I’ll say it again: go visit the touristy spots

After yesterday’s tragic fire at Paris’s Notre Dame Cathedral, I need to say it again: go see the touristy stuff.

Here’s my confession

I never went to Notre Dame during my couple of trips to Paris.  I never got to take pictures of its epic stained-glass windows.  I never got to see the flying buttresses and the iconic two towers which existed before my surname, my country, and even the language I speak.  I thought I’d get to see it “at some point”.  My only memory will be a fleeting glimpse of the cathedral as I was in a taxi with some colleagues on our way to a business meeting.  Although I know they will rebuild the cathedral I know I will never see the spire as it was originally constructed or the timber roof which stood for centuries.

So…go see the touristy stuff

I wrote a post almost five years ago saying the same thing.  Why?  Most touristy spots are touristy for a reason: they’re fantastic!

Without sounding too morbid, let’s face it: little in this world is guaranteed to last.  You never know when an errant spark from someone trying to renovate a historic place could set it ablaze or when an earthquake could hit.  As humans we just don’t have that much control.  I had always been intrigued by Notre Dame but didn’t see it when I had the chance (numerous chances, honestly).

Touristyism vs. the myth of Living Like a Local

Can you “live like a local” the first time you visit a place like Paris?  I sincerely doubt it.  I’ve heard quite a few people in my various communities say stuff like “we’re going to Paris!  I doubt we’ll go check out the Eiffel Tower though, I don’t want to be like all the other tourists”.  What a shame, the Eiffel Tower is fantastic!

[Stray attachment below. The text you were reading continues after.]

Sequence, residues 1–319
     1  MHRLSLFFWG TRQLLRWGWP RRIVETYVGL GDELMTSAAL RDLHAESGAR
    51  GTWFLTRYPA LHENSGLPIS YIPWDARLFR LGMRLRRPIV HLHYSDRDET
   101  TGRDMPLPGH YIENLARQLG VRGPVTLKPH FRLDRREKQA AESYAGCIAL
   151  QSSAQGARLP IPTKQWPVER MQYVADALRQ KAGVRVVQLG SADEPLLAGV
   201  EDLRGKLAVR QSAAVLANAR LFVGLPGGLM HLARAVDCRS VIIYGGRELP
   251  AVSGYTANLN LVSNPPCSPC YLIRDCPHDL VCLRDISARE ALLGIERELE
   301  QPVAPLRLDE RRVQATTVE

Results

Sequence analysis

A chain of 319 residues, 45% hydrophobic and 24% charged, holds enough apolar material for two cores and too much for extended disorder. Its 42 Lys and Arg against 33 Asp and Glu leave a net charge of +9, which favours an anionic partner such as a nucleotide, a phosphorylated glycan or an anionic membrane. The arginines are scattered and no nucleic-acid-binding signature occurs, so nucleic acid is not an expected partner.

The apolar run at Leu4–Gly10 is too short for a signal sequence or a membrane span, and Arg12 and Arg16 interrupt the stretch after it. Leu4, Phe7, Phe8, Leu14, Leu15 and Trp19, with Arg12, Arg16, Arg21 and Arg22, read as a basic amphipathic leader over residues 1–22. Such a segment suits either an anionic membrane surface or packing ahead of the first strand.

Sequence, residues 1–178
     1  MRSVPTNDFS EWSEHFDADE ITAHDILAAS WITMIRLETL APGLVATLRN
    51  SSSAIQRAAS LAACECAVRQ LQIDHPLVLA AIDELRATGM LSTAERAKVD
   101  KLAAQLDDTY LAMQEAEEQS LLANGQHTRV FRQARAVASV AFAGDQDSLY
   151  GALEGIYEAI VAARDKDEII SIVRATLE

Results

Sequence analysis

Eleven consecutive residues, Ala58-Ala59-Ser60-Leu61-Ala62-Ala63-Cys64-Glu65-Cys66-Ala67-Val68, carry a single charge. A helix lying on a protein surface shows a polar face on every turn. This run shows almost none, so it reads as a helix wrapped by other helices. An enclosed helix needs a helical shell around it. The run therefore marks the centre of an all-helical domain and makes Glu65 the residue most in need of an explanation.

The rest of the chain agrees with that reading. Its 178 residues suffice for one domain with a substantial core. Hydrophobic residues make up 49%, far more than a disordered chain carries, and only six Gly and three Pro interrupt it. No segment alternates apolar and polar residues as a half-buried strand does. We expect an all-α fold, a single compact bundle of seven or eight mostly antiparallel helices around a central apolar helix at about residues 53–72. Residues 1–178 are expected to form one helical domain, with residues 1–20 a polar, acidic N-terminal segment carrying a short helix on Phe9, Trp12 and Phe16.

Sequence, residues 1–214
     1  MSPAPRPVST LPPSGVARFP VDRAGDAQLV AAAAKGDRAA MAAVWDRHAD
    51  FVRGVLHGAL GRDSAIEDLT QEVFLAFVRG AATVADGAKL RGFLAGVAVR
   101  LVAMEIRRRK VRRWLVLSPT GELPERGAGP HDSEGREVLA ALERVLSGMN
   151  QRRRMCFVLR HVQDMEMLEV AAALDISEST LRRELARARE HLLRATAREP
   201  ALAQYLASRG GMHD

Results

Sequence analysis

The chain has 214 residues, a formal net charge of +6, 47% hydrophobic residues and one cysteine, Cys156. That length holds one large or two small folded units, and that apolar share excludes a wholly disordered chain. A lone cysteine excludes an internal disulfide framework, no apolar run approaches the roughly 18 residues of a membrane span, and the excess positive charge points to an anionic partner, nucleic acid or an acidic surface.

I get the sentiment of what those people are trying to say: they crave authentic experiences over something super-contrived, and that’s fair.  While the environment around the super-touristy places can be exhausting (staying in Times Square for more than six minutes, for example), but the places and things themselves are usually worth seeing!

Here are some examples

Dubai itself is a bit contrived.  To get a somewhat “authentic” experience means going into the older part of Dubai instead of going to places like the Burj al Arab, where I had a lovely tea.  The Burj al Arab is absurdly and lavishly overdone (and surprisingly out of date, it’ll be 20 years old this December).  It was touristy as heck, as was most of Dubai, but it was still incredible to see.  Visiting Old Dubai felt just as touristy, as that’s what everyone tells you to do.  Was it worth seeing?  Absolutely, I loved my time there.

Singapore is a wonderful place (although a little sterile).  It’s also unimaginably touristy.  But it’s still epic in terms of architecture, food, and seemingly extreme versions of everything.  I’ve been to Singapore countless times as a tourist and a few times for work, hanging out with coworkers in a more “local” type of trip.  The touristy trips are just as fun.  Going to the botanical gardens, walking around the Marina Bay promenade, walking through the various malls, and going to the iconic Marina Bay Sands (and the Gardens by the Bay just behind it) are just wonderful ways of spending an astonishingly humid evening in one of the world’s great cities.

Bali is full of temples.  I could never really tell what was authentic and what wasn’t while we were at this one, but honestly I just loved walking around and peoplewatching.  I’m sure there were elements of it which were contrived, but my experience felt authentic to me.

I had always wanted to visit the Cape of Good Hope and finally got to this January.  It was completely overcrowded and, predictably, there was an enormous line to take the picture above.  It didn’t make finally seeing the Cape any less exciting for me, I didn’t care that so many other people were there, I wanted to see it for me!

The Great Wall of China is epic and, well, great, but man it’s touristy!  Holy crap is it worth it though.  It’s a spectacle to behold and walk on ancient stones (and by ancient I really mean stones put there during renovation works in the 1800s but bear with me) and experience peace and quiet after a short 2-hour drive from the hustle and bustle of Beijing.  It’s touristy as all get out but I will never forget the first step I took on the Great Wall of China, even though I had just ridden on a chair lift to get there!